If you are a Belgian thinking of starting a freelance business or a foreign entrepreneur thinking of settling in Belgium, there are 7 steps you need to follow to register yourself as an independent professional
. Here's what you need to know about launching a freelance business in Belgium.
- Are you eligible?
Before starting to freelance, you need to make sure you are eligible to start a business in Belgium
If you have Belgian nationality, or are from one of the Member States of the European Economic Area (European Union, Iceland, Norway and Liechtenstein) or Switzerland, you would be eligible. If you're a UK national, find more information here
If you're not a member of any of those countries, you will need to obtain a professional card
– (a beroepskaart/carte professionnelle), by your consulate
if you live abroad. The card acts as a work permit and costs €140, being valid for between 1–5 years. You can extend this for a fee of €90 per year. You might also need a visa to enter Belgium, as well as a Belgian residency permit.
Other requirements are that you need to be at least 18 years old
(or 16 for craftspeople), not be under a prison sentence, be entitled to your civil rights, and not be banned from practicing your profession.
You will also need either a valid "certificate of registration model A"
(attest van immatriculatie model A/attestation d'immatriculation modèle A) or proof that you are registered in the foreigners' register (electronic residence card type A).
Certain professions or businesses can require you to prove you have the skills and fulfil certain conditions before you can start working. You can see the list of regulated activities in Belgium here
Note that if you live in Belgium for more than six months (183 days)
of the year and are registered with your local municipality, you are a Belgian resident
. This means you must pay Belgian tax on your worldwide income. 2. Choose a bank
Now you're ready to start, begin by choosing a bank. You will need to open a dedicated business account which you will use only for your freelancing purposes.
Compare the offers of major banks and ask for recommendations where you can. Don't feel rushed into signing anything – take your time and read the fine print.
You can find a list of banks in Belgium and other important information in our Freelance Guide
. 3. Visit an enterprise counter
Next, visit an enterprise counter (ondernemingsloket/guichet d'entreprises), like Partena/Acerta/Xerius/Zenito and register your business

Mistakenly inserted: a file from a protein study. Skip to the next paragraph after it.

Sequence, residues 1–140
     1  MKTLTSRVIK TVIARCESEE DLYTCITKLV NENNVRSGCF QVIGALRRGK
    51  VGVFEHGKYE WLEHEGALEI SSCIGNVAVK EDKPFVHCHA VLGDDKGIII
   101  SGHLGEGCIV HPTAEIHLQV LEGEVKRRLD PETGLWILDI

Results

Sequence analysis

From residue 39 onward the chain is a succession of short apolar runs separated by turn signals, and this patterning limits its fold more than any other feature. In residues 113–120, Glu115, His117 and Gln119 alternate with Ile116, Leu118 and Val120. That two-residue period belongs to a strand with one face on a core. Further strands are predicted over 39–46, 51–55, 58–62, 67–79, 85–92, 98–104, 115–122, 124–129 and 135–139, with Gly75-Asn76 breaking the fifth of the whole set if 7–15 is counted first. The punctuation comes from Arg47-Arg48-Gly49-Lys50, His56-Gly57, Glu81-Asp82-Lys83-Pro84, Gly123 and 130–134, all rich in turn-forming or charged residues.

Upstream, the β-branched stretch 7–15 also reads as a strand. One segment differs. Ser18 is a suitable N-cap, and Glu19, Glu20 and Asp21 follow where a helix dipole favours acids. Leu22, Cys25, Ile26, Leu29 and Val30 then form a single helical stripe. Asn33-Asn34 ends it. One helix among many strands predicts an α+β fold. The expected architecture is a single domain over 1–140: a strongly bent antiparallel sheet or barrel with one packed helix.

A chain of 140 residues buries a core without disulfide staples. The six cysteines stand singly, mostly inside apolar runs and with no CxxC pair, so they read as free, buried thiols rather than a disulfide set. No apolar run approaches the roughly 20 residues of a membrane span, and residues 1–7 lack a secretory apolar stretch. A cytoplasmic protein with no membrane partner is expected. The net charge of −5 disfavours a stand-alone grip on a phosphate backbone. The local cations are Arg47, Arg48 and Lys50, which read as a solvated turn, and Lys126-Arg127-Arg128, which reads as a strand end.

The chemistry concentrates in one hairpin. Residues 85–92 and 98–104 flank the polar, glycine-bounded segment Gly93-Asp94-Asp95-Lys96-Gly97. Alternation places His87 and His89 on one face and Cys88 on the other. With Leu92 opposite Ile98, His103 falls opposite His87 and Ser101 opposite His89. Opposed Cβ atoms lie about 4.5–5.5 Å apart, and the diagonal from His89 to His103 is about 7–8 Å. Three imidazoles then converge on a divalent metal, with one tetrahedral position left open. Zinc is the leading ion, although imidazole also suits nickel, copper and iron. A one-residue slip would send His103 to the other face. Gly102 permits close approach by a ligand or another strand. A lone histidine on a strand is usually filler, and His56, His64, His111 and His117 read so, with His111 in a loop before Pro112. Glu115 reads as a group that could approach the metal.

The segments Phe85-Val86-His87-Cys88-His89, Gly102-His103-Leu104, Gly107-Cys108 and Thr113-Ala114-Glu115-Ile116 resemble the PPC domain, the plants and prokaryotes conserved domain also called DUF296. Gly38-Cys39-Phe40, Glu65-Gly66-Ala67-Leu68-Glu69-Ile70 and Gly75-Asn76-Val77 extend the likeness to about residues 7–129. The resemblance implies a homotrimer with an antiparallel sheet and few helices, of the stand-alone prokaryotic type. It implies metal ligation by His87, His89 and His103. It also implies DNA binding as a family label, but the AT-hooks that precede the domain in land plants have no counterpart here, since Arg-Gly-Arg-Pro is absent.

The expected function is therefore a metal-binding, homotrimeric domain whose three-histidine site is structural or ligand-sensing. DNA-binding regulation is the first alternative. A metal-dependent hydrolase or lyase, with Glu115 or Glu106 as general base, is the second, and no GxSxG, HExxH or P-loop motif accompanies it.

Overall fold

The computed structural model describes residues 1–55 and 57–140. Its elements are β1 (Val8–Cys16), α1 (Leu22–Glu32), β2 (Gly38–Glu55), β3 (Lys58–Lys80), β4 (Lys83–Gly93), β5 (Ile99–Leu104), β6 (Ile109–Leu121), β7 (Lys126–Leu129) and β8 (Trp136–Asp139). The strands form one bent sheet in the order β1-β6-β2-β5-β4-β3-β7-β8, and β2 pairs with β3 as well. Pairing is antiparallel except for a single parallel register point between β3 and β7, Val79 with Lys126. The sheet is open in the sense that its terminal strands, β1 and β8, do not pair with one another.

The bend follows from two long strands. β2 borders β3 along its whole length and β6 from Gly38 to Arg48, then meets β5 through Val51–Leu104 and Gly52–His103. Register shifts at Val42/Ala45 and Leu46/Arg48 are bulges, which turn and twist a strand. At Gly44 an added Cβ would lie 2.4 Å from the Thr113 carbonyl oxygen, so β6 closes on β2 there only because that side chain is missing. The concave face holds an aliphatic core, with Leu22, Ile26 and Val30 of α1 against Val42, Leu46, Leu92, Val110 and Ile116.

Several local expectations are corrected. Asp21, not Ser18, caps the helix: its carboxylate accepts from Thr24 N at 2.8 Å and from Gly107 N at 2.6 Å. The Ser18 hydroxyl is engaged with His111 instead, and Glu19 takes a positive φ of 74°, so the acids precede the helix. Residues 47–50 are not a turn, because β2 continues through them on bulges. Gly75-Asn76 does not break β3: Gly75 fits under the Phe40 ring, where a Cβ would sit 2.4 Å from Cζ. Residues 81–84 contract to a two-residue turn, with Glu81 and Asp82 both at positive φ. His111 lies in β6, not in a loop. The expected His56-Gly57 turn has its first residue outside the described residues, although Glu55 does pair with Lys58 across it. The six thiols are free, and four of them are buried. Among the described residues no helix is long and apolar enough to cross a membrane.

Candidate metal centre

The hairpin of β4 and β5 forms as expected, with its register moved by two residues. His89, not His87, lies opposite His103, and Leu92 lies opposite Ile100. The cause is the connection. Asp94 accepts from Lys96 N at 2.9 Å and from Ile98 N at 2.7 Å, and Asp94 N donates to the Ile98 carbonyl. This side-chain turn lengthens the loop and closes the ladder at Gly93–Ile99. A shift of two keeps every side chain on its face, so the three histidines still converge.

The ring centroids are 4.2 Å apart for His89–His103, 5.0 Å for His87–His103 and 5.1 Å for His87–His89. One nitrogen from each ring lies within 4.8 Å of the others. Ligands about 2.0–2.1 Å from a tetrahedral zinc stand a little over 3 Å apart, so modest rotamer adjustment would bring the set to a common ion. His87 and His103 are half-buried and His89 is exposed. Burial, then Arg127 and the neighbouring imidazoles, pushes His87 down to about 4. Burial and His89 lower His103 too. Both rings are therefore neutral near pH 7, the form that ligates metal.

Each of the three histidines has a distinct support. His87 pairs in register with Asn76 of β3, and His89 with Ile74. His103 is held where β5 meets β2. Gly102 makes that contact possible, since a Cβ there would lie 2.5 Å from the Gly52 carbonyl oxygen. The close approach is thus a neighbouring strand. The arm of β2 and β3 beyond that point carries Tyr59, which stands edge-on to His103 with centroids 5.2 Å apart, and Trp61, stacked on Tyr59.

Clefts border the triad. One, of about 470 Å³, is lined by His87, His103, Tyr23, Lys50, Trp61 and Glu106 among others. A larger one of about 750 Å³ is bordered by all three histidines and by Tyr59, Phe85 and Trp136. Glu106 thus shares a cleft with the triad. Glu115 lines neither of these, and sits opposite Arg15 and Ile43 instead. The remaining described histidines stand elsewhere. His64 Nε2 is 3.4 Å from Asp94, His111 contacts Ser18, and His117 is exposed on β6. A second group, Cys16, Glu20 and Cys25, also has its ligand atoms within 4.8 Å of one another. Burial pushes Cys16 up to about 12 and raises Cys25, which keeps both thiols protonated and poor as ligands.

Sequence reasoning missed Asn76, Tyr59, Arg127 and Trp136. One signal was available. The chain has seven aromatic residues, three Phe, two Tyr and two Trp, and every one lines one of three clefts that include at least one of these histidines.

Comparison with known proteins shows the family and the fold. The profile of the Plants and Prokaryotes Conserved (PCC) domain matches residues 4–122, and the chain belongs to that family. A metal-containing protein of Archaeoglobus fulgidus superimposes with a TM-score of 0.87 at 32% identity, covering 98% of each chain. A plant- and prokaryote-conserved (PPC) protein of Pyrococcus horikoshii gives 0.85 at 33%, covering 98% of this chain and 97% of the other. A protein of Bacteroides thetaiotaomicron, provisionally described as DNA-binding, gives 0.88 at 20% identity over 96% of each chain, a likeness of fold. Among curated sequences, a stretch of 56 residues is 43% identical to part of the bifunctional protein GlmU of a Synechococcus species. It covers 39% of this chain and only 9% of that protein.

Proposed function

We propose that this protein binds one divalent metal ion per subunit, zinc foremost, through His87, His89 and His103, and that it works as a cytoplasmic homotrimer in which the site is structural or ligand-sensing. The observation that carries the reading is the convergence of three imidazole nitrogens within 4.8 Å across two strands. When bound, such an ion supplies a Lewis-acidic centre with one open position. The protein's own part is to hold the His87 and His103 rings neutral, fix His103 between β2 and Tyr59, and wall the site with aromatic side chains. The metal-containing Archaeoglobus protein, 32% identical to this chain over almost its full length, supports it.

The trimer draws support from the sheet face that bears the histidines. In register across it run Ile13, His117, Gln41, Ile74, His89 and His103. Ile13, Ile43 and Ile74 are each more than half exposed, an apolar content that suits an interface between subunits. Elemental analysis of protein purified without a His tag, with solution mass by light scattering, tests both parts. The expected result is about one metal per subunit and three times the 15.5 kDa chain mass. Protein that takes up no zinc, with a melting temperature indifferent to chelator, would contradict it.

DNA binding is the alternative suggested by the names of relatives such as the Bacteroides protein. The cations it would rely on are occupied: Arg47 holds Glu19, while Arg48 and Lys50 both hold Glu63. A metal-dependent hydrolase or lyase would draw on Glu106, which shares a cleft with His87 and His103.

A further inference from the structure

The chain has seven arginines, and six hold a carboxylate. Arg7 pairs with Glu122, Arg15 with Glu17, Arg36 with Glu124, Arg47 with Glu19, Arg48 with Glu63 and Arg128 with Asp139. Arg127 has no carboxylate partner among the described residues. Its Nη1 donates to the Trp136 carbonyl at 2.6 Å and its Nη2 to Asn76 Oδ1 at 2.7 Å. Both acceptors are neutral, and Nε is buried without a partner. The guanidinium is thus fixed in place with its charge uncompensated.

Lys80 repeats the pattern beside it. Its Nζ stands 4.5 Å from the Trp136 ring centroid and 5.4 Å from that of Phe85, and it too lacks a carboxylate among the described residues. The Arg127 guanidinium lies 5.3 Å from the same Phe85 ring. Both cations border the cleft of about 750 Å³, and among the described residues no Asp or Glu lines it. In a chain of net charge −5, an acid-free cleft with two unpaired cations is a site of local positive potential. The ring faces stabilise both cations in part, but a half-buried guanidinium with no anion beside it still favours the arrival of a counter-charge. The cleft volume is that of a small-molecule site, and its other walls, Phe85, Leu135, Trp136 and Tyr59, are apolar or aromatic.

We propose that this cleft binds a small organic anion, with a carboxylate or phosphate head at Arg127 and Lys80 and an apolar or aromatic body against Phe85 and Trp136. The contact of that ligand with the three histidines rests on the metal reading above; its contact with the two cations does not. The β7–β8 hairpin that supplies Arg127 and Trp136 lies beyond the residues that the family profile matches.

with the Kruispuntbank van Ondernemingen (KBO)/Banque-Carrefour des Entreprises (BCE).
KBO/BCE is a national databank where all companies are registered – if you are not registered with the KBO/BCE, you cannot run business legally.
A faster solution can be that you register your own company with a service like Xolo Leap and Xolo Go
, which will take care of admin and banking for you. All you need to do is to register as an Estonian e-resident online
(as Xolo is based in the country) and activate your account on Xolo Leap.
Be aware that business taxes will be paid to Estonia, and you will also have to pay taxes on your personal income if you reside in Belgium. Talk to your accountant about it. 4. Apply for your VAT number
At the enterprise counter you can also apply for your company number, which will be the same as your VAT number (BTW-nummer/numero TVA). The only difference will be that your VAT number will have the BE prefix, so you can use it abroad as well.
The registration fee is €80 and needs to be paid on the spot. It is tax deductible so you can add this invoice to your first business expenses. If your earnings are less than €15,000, you can opt for petite enterprise/kleine onderneming status
. This makes you exempt from VAT but also from claiming it back.
Alternatively, you can start invoicing without a local VAT
. If you register with Xolo Leap
or Xolo Go
, you will automatically get an Estonian VAT. To your advantage the VAT is automatically calculated and added to your invoices, so you don't have to worry about trying to figure out the different rates and calculations. 5. Estimate your social contributions and income tax
You are also required to pay quarterly social security contributions
– the enterprise counter can arrange that for you. The quarterly payments depend on your income and can vary from €700 to €1,500 a quarter.
If you'd prefer to not handle the administration yourself, you can consider joining a payrolling service, which will take care of many admin processes in exchange for a percent of your profits. More information about those can be found here.
Once a year you need to submit a tax declaration
, which will define how much income tax you need to pay to the state. It is advisable to do quarterly tax prepayments to minimise your tax burden at the end of the year
. A good accountant can help you to run that painlessly.